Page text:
Hydromorphone addiction carries significant risks and potential dangers. These dangers can range from health complications to the risk of fatal overdose.
Some of the long-term and short-term dangers of addiction include:

Short-Term Risks

The potential short-term dangers of hydromorphone addiction include the following:
  • Overdose: Perhaps the most immediate and life-threatening risk associated with hydromorphone addiction is overdose. Opioid overdose can cause many physical issues, resulting in coma, brain damage, or death.
  • Dependence and Withdrawal: Even short-term use of hydromorphone can lead to physical dependence. These withdrawal symptoms can be uncomfortable and, in some cases, dangerous.
  • Infectious Diseases: If hydromorphone is injected, there’s a risk of transmitting or acquiring bloodborne diseases. This disease can include HIV or Hepatitis C from sharing needles.

Long-Term Risks

The long-term risks when taking hydromorphone include the following:
  • Chronic Health Issues: Chronic use of hydromorphone can contribute to various health issues. High-dose use can also lead to a weakening of the immune system.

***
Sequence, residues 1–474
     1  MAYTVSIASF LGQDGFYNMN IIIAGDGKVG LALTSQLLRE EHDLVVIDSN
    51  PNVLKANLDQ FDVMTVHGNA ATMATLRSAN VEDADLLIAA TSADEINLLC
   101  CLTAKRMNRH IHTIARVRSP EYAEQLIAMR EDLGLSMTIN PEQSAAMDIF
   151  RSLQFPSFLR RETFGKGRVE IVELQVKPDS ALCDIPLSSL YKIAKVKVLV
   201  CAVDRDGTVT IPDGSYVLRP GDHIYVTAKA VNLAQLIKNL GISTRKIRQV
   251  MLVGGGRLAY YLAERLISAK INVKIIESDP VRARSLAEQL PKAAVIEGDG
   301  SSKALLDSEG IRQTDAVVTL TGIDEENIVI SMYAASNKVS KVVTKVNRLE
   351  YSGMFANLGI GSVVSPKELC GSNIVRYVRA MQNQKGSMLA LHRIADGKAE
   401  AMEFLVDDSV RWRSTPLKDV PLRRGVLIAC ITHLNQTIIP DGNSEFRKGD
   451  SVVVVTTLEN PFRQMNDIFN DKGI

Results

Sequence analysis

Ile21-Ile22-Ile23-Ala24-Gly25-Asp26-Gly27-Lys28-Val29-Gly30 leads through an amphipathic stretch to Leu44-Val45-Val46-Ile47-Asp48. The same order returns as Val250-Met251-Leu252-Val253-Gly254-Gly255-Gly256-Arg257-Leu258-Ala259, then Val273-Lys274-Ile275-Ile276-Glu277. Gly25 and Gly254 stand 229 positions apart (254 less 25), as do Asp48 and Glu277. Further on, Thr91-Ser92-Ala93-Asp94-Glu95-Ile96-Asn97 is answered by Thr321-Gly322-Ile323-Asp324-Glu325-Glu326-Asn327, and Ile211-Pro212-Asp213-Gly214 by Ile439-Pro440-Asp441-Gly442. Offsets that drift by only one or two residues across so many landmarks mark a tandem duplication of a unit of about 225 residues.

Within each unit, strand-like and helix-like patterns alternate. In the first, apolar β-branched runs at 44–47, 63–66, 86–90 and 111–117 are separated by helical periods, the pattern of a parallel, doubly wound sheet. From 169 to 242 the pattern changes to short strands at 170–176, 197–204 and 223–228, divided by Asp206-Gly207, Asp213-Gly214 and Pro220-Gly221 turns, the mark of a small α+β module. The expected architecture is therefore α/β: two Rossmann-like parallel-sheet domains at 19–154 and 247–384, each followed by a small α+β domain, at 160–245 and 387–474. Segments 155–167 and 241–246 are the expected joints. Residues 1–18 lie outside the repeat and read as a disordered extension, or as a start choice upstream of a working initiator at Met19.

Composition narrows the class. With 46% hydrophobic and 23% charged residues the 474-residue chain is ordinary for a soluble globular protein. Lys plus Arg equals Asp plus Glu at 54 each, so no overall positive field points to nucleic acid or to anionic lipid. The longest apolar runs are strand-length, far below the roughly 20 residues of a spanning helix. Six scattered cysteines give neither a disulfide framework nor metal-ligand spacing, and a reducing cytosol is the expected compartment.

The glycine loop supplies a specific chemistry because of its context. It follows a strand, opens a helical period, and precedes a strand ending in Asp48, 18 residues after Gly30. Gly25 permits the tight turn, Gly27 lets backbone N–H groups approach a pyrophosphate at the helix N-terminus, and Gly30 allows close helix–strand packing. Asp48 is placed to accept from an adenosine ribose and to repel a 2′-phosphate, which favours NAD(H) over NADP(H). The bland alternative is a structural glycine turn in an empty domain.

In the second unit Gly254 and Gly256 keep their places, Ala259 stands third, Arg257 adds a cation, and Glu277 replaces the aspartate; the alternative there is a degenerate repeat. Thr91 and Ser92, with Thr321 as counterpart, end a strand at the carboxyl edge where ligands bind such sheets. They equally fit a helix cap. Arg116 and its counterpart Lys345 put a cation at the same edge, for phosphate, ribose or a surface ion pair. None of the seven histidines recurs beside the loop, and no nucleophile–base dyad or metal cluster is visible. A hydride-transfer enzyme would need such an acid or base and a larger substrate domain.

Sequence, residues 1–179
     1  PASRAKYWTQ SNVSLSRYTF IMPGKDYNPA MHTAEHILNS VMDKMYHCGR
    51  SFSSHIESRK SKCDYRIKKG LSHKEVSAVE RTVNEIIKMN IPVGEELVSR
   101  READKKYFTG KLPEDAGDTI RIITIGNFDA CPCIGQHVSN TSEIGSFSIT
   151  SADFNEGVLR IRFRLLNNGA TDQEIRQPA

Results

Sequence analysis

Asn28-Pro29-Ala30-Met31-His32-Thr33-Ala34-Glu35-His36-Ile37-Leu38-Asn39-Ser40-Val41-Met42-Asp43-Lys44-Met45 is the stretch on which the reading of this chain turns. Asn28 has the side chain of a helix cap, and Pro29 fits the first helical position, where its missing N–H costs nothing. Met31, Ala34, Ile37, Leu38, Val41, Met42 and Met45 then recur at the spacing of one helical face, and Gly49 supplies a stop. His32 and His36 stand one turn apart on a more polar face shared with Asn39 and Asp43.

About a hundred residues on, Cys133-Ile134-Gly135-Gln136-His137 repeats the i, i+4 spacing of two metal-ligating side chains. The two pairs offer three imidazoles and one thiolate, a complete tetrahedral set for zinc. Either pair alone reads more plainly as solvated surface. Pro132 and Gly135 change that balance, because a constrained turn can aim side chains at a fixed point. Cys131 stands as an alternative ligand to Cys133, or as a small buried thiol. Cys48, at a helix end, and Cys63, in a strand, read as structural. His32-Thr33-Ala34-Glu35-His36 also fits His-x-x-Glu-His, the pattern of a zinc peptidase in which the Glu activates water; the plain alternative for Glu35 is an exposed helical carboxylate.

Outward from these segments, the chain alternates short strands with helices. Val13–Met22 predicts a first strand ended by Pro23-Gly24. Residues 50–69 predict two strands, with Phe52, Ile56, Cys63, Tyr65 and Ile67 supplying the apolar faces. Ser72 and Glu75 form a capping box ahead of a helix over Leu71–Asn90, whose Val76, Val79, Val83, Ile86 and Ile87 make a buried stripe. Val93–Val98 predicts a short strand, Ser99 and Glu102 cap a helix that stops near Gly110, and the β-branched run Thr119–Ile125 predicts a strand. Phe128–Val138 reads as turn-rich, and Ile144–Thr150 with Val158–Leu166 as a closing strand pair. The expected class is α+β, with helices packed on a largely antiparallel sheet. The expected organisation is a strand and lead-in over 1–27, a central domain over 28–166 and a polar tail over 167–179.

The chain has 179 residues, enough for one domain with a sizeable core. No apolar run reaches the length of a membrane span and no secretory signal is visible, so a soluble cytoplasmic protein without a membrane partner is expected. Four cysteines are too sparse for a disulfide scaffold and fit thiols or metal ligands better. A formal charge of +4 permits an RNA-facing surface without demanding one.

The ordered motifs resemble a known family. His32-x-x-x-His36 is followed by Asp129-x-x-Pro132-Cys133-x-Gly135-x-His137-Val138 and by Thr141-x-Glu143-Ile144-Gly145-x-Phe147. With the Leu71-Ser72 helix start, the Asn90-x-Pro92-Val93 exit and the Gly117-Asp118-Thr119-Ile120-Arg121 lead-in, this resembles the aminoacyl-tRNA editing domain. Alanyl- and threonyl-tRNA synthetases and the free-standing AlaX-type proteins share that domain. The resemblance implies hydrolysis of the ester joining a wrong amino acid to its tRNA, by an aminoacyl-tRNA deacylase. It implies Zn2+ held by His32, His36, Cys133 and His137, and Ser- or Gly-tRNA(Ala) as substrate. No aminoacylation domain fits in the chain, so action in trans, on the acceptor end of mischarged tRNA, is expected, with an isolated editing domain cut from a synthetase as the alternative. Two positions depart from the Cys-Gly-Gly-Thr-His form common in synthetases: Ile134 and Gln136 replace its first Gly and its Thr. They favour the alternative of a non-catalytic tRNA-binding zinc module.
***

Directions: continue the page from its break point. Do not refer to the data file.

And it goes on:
• Mental Health Disorders: Hydromorphone addiction is often associated with mental health disorders and an increased risk of suicide. The cycle of addiction can also worsen pre-existing mental health issues.
  • Social and Financial Problems: Addiction can lead to significant social and financial problems, including job loss, financial hardship, or relationship problems.
  • Neonatal Opioid Withdrawal Syndrome (NOWS): Pregnant women who use opioids like hydromorphone may give birth to babies dependent on opioids. These babies must undergo withdrawal after birth, a condition known as neonatal opioid withdrawal syndrome.5

Hydromorphone Addiction Treatment Options